Baltimore officials assured city residents Wednesday that they can safely visit government websites, but the city’s computer systems still have not recovered from the digital attack that has crippled email, online payments and property sales.
Mayor Bernard C. “Jack” Young and his top staff said the FBI, Microsoft and other vendors were helping the city restore the network, but they would not provide details because the ransomware attack detected May 7 is being criminally investigated.
City officials said at a City Hall news conference that the city’s ability to facilitate real estate transactions could be restored soon. The hack has shut down the systems essential for completing home sales, putting a halt to property deals during one of the real estate industry’s busiest times of the year.
“The city’s lien system is presently not available to us,” said Finance Director Henry J. Raymond. “As a result there are no real property transactions being conducted in the city.”
He said the city hopes to resume those services “late next week” and that the Maryland Attorney General’s office is helping the Clerk of the Court’s office restore the legal process necessary to complete sales.
“There are no guarantees,” Raymond added.
City Solicitor Andre Davis said the real estate transaction system is crucial.
“The people who want to buy a house in the city are very important to us,” Davis said during a City Hall news conference.
Raymond also said the city is preparing contingency plans for receiving electronic payments for property taxes that are due June 30. He also said the city has experienced “some delays” in paying its bills.
Davis and Johnson have both been speaking with city officials in Atlanta, which experienced a similar attack, and said that they are confident the city is taking all the necessary actions required to restore service.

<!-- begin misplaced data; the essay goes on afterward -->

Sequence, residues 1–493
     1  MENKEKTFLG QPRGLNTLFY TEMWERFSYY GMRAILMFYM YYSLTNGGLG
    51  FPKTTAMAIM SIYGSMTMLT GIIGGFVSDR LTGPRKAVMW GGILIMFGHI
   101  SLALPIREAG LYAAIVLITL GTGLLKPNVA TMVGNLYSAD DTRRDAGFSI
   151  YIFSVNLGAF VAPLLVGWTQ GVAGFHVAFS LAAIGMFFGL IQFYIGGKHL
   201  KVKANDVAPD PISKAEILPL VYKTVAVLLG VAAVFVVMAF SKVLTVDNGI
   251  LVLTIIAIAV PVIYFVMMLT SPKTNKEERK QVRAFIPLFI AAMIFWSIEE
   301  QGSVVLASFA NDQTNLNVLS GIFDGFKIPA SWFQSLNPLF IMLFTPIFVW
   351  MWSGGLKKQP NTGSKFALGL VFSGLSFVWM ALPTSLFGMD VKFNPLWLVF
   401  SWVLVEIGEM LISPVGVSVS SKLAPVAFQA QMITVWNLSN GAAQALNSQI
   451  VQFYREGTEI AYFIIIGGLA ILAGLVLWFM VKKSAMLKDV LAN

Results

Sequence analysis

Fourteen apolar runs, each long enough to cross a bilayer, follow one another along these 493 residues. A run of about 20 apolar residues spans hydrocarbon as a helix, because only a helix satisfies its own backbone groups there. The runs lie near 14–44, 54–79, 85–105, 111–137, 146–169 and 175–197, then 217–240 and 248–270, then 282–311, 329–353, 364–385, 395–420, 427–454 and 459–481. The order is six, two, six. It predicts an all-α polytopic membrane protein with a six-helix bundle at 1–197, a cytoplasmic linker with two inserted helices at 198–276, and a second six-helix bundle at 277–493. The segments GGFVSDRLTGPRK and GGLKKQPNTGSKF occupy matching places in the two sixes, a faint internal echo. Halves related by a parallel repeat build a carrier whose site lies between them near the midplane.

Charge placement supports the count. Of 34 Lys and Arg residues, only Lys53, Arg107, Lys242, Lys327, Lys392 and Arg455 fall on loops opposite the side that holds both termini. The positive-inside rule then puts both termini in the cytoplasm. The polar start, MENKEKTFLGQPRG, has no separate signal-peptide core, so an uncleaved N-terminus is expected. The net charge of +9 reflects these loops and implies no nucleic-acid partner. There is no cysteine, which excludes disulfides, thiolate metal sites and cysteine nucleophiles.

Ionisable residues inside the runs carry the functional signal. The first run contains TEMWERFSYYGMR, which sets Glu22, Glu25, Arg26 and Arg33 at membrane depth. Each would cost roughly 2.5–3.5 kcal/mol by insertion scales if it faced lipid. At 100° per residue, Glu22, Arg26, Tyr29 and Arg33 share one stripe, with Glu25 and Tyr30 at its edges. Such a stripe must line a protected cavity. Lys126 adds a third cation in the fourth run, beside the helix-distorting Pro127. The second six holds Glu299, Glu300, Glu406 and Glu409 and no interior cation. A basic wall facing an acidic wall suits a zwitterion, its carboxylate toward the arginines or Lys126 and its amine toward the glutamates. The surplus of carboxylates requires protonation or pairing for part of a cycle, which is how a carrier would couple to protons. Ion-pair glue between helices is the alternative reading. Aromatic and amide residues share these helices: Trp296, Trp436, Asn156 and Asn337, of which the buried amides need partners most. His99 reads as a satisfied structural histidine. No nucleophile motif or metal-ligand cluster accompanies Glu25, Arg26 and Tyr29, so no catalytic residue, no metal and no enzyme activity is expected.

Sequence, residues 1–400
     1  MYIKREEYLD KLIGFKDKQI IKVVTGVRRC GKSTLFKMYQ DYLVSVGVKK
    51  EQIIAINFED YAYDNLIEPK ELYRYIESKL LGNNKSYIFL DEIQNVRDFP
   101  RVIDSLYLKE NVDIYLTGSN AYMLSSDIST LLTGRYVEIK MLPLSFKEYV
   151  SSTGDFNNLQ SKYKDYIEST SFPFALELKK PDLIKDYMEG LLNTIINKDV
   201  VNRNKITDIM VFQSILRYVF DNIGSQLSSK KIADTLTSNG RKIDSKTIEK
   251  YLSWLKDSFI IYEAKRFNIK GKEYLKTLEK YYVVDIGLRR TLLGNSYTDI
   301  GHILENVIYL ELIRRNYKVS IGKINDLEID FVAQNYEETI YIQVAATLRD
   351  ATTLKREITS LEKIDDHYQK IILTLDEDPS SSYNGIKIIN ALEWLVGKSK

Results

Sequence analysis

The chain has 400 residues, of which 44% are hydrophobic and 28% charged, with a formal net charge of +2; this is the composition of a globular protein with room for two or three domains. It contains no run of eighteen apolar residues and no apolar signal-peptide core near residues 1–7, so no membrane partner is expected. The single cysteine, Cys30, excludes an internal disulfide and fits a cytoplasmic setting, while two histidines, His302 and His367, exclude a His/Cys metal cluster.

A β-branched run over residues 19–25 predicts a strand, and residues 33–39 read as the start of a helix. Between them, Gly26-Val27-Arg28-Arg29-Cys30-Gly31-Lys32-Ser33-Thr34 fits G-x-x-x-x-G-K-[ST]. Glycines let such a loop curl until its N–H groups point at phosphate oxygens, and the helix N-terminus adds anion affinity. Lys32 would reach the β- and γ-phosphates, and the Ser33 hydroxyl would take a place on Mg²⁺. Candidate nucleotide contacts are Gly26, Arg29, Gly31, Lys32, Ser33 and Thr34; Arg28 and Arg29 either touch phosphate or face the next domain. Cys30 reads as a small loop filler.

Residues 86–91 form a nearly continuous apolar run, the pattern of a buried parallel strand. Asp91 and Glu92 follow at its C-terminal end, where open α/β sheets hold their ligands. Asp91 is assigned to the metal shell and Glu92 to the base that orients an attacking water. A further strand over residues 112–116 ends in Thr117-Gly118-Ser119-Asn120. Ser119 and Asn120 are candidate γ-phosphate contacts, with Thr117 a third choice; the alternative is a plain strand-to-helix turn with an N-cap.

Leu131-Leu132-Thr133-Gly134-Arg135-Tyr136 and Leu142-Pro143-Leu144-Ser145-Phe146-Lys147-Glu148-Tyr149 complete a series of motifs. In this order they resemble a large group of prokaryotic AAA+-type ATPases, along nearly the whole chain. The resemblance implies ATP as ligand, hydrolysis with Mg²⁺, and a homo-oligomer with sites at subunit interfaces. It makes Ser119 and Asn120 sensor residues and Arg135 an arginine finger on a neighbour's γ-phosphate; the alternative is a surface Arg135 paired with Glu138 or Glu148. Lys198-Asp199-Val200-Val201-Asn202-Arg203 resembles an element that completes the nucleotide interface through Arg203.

City officials declined to say what vendors have been hired to help with the recovery effort. Raymond said any contracts with those vendors have been authorized by him. They also declined to say whether the city had a recovery and emergency plan in place for such a hack. Davis said they could not answer such questions because of the criminal investigation into the attack.
As the recovery continues, the ransomware has made it difficult for city police officers to communicate on the job, said Sgt. Mike Mancuso, president of the Fraternal Order of Police Lodge 3.
“Getting information out to where it needs to be is not happening quickly — whether that is in regard to the crime fight or the internal workings of the Baltimore Police Department,” he said.
Officers have been forced to rely on phones and radios to communicate with one another, he said. The department has given officers permission to create new external email addresses to use for communication purposes, which is “not ideal,” he said.
Baltimore Police spokesman Matt Jablow said the 911 system, the ShotSpotter gunshot detection system, CitiWatch cameras and computers in patrol cars still work.
“We don’t have email, but we don’t think it has any real affect on operations,” he said.
The Baltimore Animal Rescue and Care Shelter wrote in an email Wednesday evening that email addresses ending in “barcs.org” are back online as the shelter has migrated to its own server.
Shelter employees still do not have access to their desktop computers, the organization wrote, and “are still in need of laptops in order to continue our lifesaving work.” They’re soliciting donations to go toward refurbished laptops.
The ransomware was detected May 7. Hackers locked up files on city computers by encrypting them, demanding a payment to turn over the key, but officials have said they won’t pay.
The disruption to the computer network has caused widespread problems in city government. City employees do not have access to email, leading some to create private accounts to get work done. The hack has affected the city’s ability to accept payments, and officials have said they are suspending late fees. Several agencies are developing workarounds to continue offering services that typically rely on computers.